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Licensing my work

This week my surface pattern designs were accepted on patterndesigns.com, a European pattern licensing site with really high standards. I was really thrilled. The designs are all checked and curated, so you have to have a sharp eye with whatever you present or it’s rejected. I’ve only managed to upload two patterns but, as with all these things, once I’ve done a couple a system can be put in place to get the rest up there.

Spring continues to inch forward here in Melbourne. The kids are on holiday so I have more time to get some more patterns designed. My plan is to get into get into working on some African animal designs for children.

I had a poke around on the Pantone site in the search for good colour combinations. These colour trends for 2019 look like just the right kind of mood for children’s patterns.

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Winter Blooms

What better way to get back into designing than to enter another Spoonflower challenge? This week is Winter Blooms and as we’re coming out of Winter it wasn’t difficult to figure out the colours. Greys, soft greens and little splashes of colour are very much par of the Australian scenery. This little bunny jumped out at me for the perfect colour combinationthough. And, as we’re a bit topsy-turvy with Christmas in the middle of Summer I was aiming for a subtly seasonal print.

Illustrated gum-nuts

After an extended break to the wilds of the UK and Africa, I’m finally back to creating patterns starting with recolouring these gum-nuts. This was one I started before I went away but it’s been jigged about about this week. Looking forward to more creating soon.

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Limited Palette

This is the first time I’ve attempted the challenge of using a limited palette for a pattern. Who knew it could be so incredibly absorbing? And I’ve just spotted a mistake! Ahh. Anyway, it’s inspired by the thought of floating along the Lower Zambezi admiring the egrets wading. Something I’m really hoping to be doing soon. In the meantime I can’t decide on the combination.

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African Boyhood

This weeks Spoonflower challenge was for boys clothing. It coincided with celebrations for my husband’s 50th birthday. So the challenge got me thinking about his childhood, which was pretty unique and special. He grew up on a cattle farm in rural central Africa. They didn’t have a TV until he was about 15 and communication was by radio. But he had a dirt bike that he would go out on with his cousin all day. His was a wild childhood of adventure and exploring, climbing trees and rocks and messing about in dirt surrounded by all kinds of creatures.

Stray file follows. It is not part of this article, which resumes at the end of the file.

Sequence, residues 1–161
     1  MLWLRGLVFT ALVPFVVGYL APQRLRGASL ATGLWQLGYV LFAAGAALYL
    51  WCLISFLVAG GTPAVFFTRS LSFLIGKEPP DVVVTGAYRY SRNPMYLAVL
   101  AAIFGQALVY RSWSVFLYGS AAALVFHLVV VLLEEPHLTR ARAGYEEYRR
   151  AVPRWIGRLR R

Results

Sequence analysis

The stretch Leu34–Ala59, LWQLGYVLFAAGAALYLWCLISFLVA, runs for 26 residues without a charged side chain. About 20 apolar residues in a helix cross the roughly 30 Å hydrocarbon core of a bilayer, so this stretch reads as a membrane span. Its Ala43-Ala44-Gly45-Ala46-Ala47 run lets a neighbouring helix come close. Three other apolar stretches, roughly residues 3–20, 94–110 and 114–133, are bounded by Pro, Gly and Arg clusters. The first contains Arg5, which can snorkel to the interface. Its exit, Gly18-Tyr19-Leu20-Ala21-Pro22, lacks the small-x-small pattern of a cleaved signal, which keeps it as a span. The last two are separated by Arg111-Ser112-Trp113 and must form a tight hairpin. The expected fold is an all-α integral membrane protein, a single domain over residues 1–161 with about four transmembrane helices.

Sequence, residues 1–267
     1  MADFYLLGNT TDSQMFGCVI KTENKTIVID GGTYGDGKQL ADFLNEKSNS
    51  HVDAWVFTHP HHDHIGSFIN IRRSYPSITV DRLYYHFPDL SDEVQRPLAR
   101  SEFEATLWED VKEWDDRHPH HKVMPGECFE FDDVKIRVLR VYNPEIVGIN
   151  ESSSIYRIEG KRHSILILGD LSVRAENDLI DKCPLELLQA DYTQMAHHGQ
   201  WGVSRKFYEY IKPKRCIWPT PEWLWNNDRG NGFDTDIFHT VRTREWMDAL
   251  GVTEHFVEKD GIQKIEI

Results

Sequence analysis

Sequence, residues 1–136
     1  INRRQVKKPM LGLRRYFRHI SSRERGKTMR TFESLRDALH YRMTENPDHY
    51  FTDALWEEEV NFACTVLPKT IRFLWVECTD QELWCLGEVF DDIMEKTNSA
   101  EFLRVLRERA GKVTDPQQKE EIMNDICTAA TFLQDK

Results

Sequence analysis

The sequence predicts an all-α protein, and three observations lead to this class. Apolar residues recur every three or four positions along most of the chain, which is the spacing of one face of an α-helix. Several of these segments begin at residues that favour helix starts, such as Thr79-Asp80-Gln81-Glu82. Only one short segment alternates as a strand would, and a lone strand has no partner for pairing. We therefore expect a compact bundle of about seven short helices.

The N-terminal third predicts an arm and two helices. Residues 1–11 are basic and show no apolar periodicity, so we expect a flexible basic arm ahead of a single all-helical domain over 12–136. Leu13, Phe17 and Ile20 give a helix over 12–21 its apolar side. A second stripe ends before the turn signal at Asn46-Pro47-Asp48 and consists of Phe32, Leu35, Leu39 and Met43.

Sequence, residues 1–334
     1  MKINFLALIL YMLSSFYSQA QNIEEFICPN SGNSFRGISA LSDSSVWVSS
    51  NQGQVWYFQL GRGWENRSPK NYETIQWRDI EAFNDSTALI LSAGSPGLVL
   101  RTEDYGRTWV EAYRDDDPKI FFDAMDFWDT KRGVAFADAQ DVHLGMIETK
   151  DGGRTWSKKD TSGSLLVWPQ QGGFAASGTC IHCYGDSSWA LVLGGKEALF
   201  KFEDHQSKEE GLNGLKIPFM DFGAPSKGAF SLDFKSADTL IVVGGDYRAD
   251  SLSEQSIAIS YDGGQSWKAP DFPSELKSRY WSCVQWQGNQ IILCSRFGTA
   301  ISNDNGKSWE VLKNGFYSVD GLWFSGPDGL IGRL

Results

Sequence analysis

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Cushions!

I finally got you round to having some of my own prints made up into cushions. It was about a year ago that I first took some classes on Skillshare with Bonnie Christine. Then we went on holiday to Queensland and I collected a whole load of drawing and photographs to make my own patterns. I’m always learning more and more about pattern design and it just gets better. I’m working on getting some baby quilts and muslins made up next.

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Cycling and Pattern Design

I’ve been wanting to find an excuse to design a pattern for a cycling shirt and this weeks Spoonflower challenge was just perfect. I was really working from what I’d like to wear as a cycling. I enjoyed playing with the colour palette and there’s definitely some more playing around to be done. Maybe the pink as a background or even an additional panel? The maths involved in creating this was daunting at times. I created each of the wheels and cogs in Adobe Illustrator. The mock-up came from Creative Market which is an increasingly valuable design resource for me.

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Small Scale Summer

A couple of weeks ago I entered my second Spoonflower competition and was please to get around 90 votes! That’s my best result yet, but it didn’t cut it for the top 60. Onwards and upwards though. I’m going to just keep on trying. This week was Small Scale Summer. It was so perfect for Australia and it taught me a thing or two about scale. Voting starts on 2nd May here